For nearly two decades we parented under the shelter of home. Our children could glimpse the showering of evil outside, though they generally did so from behind a window.
Then the day came, however, when God asked us to brave the elements. He didn't rebuke us for the sheltering, but rather told us the quiet of those early years was precisely what He'd used to prepare them for what they were about to encounter.
So we opened the door and allowed them to step out into the storm. But they didn't go alone; they've gone under the shelter of our umbrella. As the rain falls, sometimes hard and other times in sprinkles, the covering remains. Occasionally their feet get wet and their hair gets matted and we have to scoop them up and dry them off. We talk to them about how to avoid the puddles and about the pitfalls of walking in a storm. We go over ideas and strategies for helping others who weren't so prepared, without letting them dragging us into the mud.
We teach our kids that they're not to be afraid of the tempest but that they should be terrified of stepping into it thinking there's no danger.
Since opening our door there's been a deluge. Every manner of all the things we hoped to avoid for our kids have come waltzing in, like so many honored guests. But how much is too much?
You don't have to be a missionary living in a foreign land to find yourself asking this question. You only have to be alive and breathing, and sleeping anywhere besides under a rock, to know the climate is almost uninhabitable these days. Which is exactly why so many are needing rescued. The valiant parents within us want to scream, "Let us do the rescuing! Keep the children tucked away!"
But is that how to best make disciples of them? When Jesus walked among us, making workers of the twelve, He didn't set them aside to observe until they were ready. He readied them by setting them to work right alongside Him. He was there to answer their questions, to correct their missteps, to dispel their fears. He spoke to their doubting hearts of a rescue very unlike the one they'd hoped for.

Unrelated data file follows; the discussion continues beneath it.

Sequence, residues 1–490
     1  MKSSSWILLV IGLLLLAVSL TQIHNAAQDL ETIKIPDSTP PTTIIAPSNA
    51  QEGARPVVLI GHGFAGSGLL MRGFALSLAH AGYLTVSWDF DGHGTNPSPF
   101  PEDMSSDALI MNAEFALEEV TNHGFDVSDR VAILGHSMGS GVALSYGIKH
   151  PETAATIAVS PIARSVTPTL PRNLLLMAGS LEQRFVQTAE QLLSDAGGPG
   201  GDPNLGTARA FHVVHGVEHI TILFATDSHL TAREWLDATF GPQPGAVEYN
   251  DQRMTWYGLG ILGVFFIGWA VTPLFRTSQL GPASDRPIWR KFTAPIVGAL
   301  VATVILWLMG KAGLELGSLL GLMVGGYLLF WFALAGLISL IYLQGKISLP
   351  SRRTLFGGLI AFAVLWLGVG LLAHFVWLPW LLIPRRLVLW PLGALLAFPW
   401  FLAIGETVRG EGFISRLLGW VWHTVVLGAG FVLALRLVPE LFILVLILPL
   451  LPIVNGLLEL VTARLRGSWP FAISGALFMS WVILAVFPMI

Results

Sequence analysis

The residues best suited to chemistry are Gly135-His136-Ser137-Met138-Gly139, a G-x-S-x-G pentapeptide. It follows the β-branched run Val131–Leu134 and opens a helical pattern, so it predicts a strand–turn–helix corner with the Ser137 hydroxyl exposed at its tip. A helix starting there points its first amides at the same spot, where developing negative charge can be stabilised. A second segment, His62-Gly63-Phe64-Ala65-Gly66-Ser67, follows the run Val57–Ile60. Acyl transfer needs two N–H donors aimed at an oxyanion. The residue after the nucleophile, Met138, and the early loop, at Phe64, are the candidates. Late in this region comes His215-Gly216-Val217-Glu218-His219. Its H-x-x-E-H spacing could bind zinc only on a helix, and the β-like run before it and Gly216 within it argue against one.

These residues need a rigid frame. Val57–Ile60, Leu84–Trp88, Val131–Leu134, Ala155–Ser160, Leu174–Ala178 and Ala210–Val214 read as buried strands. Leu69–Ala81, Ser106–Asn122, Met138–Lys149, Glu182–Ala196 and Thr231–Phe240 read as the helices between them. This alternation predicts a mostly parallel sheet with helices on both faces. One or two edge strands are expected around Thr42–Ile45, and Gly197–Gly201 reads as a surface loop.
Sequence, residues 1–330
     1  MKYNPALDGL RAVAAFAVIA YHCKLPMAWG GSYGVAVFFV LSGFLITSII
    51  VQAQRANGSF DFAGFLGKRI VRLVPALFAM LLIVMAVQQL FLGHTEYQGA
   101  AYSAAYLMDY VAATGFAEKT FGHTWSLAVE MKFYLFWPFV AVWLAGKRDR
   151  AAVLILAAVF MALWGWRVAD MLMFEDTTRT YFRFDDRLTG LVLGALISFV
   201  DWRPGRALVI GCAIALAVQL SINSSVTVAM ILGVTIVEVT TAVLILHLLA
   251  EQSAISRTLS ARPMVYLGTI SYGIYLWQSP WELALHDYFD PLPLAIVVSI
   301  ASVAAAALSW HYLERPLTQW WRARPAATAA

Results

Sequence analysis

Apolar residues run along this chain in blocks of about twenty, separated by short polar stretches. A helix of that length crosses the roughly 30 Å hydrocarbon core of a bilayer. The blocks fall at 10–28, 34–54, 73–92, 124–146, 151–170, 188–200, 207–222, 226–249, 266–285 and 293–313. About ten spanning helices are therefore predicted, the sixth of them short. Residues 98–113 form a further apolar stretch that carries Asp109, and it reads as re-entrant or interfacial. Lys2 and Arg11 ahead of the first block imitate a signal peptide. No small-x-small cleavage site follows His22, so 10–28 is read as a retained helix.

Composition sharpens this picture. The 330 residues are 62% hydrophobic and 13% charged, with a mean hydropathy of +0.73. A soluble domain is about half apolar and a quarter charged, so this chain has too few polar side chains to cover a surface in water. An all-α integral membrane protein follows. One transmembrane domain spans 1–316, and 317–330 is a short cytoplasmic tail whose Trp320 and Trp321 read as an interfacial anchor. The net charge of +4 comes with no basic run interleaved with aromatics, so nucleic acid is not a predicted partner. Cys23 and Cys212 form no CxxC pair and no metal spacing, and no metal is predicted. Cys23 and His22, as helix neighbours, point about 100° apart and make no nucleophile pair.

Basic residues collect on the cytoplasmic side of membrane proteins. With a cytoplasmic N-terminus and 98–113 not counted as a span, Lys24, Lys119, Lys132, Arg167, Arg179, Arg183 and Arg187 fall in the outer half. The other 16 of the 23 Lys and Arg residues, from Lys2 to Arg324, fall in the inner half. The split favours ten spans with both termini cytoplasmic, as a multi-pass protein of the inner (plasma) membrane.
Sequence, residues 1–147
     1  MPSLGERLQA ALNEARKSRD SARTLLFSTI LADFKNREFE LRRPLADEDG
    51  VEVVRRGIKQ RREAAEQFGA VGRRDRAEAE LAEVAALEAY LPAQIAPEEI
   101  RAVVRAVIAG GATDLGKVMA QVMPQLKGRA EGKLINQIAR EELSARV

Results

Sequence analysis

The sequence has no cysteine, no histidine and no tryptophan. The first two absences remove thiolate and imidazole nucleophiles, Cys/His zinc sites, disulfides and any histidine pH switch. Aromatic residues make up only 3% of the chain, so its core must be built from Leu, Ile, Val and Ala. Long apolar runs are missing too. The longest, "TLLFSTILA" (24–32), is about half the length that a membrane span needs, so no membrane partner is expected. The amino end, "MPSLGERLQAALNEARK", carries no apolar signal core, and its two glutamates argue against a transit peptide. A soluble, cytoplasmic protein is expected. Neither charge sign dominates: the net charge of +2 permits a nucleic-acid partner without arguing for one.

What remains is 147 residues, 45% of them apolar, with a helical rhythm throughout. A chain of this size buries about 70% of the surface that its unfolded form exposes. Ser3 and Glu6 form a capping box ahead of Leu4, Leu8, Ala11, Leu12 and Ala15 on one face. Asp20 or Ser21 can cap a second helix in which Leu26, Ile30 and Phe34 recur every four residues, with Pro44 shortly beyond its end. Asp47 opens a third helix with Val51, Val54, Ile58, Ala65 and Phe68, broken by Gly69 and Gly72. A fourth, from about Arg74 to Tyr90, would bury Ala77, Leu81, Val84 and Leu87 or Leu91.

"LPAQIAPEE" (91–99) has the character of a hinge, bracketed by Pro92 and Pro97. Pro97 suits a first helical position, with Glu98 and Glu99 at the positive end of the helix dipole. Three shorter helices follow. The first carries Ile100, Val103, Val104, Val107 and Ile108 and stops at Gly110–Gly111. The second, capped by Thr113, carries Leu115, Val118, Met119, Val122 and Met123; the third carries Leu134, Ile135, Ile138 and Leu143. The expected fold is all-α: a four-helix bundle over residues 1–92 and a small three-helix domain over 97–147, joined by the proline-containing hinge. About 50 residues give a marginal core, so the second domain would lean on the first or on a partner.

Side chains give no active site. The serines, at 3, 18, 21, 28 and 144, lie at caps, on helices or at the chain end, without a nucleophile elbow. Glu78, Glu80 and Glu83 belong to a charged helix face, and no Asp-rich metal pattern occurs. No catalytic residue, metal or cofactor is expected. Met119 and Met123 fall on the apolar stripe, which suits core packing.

He gave them what they needed but rarely what they wanted.
The desire within us to protect our kids is Biblical. It's written into the fiber of our being and there's no reason for it to be un-written or re-written. It must simply be read in its fullness. Because there comes a time when protection starts to look dangerously close to presumption.
That's where I'm standing right now. On a cliff where rocks are sliding and mud is slipping and it feels like my whole family's going down. But then we see there are strong Hands holding us fast while a tender voice asks us to work in an area scantily prepared for such a storm. Our kids are knee-deep in it with us, but we're right here talking them through it. We're watching them fall and coaching them on how to get back up. We're listening when they tell us the gale is too much and so we know when to pull them back in a little closer. We're praying with and for them, and teaching them to do the same for others.
So when you see us spattered with mud we just want you to know, we know the spatters are there. And we know where to go for the cleansing. But we also know there's no growth at all if we're not willing to get dirty.
Letting our kids get dirty with us is the only way we know to get them clean.